One of the advantages of doing a story about a largely forgotten hero like the Green Hornet is that you can do almost anything you want with them. And while David Liss has put together a pretty good story with Reign of the Demon he doesn’t seem to be able or willing to really play with the fun aspects of the Green Hornet mythos. In the end, we get a pretty by the numbers story… well, with zombies.
In the series, Liss (Black Panther, The Shadow) tells us, repeatedly, that the Hornet pretends to be a criminal while being a hero, but he doesn’t even seem to be interested in that part of the story. Whenever Green Hornet runs into criminals he beats them up and lets them get arrested. He never makes it look like a mob war where he’s consolidating power. He’s just being a hero.
There was an interesting dichotomy to explore here, where the police are being led by an evil Nazi spy and the criminals are run by someone trying to bring law and order to Chicago. But that idea is pretty much left alone. We never see how they are twisting these forces out of their usual channels.
He doesn’t really do much with the idea of Hornet’s alter ego Britt Reid being a media tycoon either. It’s an idea especially ripe for harvesting in our current environment. But, Liss is content to let Reid be a jerk to his reporters and go on being the Hornet at night.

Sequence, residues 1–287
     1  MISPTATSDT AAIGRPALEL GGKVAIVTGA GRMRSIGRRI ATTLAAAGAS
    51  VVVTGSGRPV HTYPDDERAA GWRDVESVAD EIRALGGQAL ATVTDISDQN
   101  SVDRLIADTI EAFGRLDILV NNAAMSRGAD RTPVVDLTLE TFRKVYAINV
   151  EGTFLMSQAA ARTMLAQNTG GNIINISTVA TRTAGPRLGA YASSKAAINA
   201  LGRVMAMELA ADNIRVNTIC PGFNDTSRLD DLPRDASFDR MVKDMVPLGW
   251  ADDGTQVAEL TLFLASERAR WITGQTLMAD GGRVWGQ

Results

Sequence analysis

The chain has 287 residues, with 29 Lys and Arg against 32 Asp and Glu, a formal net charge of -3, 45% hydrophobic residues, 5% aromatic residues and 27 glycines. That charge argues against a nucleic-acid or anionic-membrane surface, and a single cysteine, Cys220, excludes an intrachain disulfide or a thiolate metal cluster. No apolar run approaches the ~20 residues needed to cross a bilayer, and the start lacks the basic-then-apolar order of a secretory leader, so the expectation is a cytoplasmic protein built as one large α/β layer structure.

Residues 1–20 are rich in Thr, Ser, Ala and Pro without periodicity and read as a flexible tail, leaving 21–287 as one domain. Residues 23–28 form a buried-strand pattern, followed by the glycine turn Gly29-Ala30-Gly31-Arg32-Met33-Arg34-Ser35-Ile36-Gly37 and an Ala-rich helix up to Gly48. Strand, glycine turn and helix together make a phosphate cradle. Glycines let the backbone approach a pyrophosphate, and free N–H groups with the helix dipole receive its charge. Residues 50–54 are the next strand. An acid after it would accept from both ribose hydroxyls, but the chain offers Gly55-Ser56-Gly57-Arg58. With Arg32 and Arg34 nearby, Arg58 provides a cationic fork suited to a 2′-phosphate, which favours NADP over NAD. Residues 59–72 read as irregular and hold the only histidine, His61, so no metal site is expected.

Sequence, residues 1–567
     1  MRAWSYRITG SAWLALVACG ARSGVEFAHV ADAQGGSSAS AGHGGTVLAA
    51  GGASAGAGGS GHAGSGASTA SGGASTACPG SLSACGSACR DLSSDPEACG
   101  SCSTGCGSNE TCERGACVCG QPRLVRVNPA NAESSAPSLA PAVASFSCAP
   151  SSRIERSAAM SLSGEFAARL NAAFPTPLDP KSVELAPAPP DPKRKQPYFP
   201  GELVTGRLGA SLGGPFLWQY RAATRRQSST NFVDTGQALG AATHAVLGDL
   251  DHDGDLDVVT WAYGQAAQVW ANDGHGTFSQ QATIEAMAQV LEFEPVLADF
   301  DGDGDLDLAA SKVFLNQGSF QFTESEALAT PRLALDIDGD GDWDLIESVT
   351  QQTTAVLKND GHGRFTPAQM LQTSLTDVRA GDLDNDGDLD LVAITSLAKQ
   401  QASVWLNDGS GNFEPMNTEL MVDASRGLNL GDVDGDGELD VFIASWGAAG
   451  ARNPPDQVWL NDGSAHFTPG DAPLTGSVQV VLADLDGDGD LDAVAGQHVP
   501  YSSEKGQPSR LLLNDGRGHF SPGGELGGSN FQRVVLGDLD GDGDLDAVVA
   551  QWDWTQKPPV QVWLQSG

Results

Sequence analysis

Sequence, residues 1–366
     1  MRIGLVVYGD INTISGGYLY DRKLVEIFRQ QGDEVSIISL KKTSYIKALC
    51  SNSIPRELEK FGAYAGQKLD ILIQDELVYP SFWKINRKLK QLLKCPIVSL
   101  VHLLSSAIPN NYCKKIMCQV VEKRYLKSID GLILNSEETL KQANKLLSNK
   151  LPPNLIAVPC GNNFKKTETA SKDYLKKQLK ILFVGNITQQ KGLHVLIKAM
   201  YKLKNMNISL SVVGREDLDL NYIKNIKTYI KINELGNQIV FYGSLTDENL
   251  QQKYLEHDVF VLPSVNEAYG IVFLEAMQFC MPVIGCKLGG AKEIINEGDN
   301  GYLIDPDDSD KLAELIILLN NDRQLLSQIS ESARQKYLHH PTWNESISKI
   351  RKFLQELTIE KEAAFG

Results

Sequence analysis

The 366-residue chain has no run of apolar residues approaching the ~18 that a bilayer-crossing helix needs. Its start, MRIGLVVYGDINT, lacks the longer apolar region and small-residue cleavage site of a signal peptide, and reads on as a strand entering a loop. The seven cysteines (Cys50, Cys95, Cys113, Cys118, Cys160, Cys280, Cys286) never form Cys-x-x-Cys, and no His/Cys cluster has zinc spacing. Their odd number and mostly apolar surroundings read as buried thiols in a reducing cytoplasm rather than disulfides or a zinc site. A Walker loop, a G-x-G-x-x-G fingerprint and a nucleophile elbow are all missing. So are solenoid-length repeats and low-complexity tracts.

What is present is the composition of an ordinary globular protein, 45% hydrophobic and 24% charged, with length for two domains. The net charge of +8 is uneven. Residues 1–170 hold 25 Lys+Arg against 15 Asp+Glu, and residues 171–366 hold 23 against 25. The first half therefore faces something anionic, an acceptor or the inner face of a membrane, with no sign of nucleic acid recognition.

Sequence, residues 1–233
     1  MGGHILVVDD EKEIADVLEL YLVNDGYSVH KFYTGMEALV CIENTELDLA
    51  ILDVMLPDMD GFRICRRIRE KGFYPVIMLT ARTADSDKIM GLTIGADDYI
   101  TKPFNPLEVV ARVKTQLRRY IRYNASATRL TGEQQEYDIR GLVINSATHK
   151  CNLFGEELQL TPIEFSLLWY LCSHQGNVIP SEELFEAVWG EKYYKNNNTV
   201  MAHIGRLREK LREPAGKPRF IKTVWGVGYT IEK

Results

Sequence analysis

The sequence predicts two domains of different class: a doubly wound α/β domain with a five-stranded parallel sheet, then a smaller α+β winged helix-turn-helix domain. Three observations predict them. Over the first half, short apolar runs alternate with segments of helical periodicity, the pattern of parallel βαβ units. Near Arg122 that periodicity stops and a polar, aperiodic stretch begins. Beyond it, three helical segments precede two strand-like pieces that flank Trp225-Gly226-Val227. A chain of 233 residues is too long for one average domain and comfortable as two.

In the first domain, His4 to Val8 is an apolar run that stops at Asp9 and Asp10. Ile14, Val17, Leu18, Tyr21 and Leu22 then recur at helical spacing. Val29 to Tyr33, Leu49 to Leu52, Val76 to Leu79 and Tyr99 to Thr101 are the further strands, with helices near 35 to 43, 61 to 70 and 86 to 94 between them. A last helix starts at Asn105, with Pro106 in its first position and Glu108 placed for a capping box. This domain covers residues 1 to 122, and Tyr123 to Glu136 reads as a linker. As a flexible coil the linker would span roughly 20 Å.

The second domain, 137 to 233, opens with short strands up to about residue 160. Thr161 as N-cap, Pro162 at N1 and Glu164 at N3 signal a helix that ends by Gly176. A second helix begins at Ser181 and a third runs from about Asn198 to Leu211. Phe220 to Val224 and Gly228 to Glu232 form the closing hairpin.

I know that this is the last book in the series, but Liss wraps up so much of this in with a bow on it in ways that don’t really make sense. The status quo is restored quickly. All the people who were lobotomized and tortured into becoming zombies are just taken away to a hospital and fixed. There seems to be no consequences for anybody’s actions, well almost nobody.
What I really loved about the series is Kewbar Baal (Kiss, Blood Queen Vs. Dracula) and Adriano Augusto’s art and color work. They really brought the whole series to life. I could look at their 1930’s style car chases and fights all day. The Hornet’s raid on Police HQ looked great. I love their old-timey Chicago. I would even learn to deal with the occasional mobs of zombies to live there.
Augusto (Masks 2, Red Sonja: Vulture’s Circle) does a great job with the colors in this issue. The art is what is really pulling my review grade up.
I want to see Baal and Augusto keep on working on future Green Hornet series, but I would like to see them paired with a writer who is interested in doing more with the characters. Poor Kato is so underused in favor of the bland Swashbuckler that I really felt sorry for him. If you’ve gotten this far in the series, you might as well pick this issue up for completeness, but if you didn’t read the previous issues, I’m not sure what is here for you.
Writer: David Liss
Artist: Kewbar Baal
Colorist: Adriano Augusto